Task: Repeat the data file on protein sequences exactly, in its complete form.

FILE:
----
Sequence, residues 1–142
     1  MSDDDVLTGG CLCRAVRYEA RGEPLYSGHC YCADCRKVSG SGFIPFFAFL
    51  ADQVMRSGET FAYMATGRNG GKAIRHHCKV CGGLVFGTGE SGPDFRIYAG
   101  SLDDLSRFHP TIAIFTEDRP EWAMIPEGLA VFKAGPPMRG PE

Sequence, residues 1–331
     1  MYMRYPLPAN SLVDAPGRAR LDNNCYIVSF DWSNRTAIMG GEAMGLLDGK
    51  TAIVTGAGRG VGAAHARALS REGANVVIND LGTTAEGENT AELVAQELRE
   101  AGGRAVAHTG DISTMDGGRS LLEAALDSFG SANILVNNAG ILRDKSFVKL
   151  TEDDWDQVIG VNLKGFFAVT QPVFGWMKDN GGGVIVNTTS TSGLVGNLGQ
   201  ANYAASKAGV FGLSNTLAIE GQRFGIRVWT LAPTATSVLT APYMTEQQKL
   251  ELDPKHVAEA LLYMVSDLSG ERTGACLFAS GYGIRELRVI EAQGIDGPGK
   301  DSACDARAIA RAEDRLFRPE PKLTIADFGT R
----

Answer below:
Sequence, residues 1–142
     1  MSDDDVLTGG CLCRAVRYEA RGEPLYSGHC YCADCRKVSG SGFIPFFAFL
    51  ADQVMRSGET FAYMATGRNG GKAIRHHCKV CGGLVFGTGE SGPDFRIYAG
   101  SLDDLSRFHP TIAIFTEDRP EWAMIPEGLA VFKAGPPMRG PE

Sequence, residues 1–331
     1  MYMRYPLPAN SLVDAPGRAR LDNNCYIVSF DWSNRTAIMG GEAMGLLDGK
    51  TAIVTGAGRG VGAAHARALS REGANVVIND LGTTAEGENT AELVAQELRE
   101  AGGRAVAHTG DISTMDGGRS LLEAALDSFG SANILVNNAG ILRDKSFVKL
   151  TEDDWDQVIG VNLKGFFAVT QPVFGWMKDN GGGVIVNTTS TSGLVGNLGQ
   201  ANYAASKAGV FGLSNTLAIE GQRFGIRVWT LAPTATSVLT APYMTEQQKL
   251  ELDPKHVAEA LLYMVSDLSG ERTGACLFAS GYGIRELRVI EAQGIDGPGK
   301  DSACDARAIA RAEDRLFRPE PKLTIADFGT R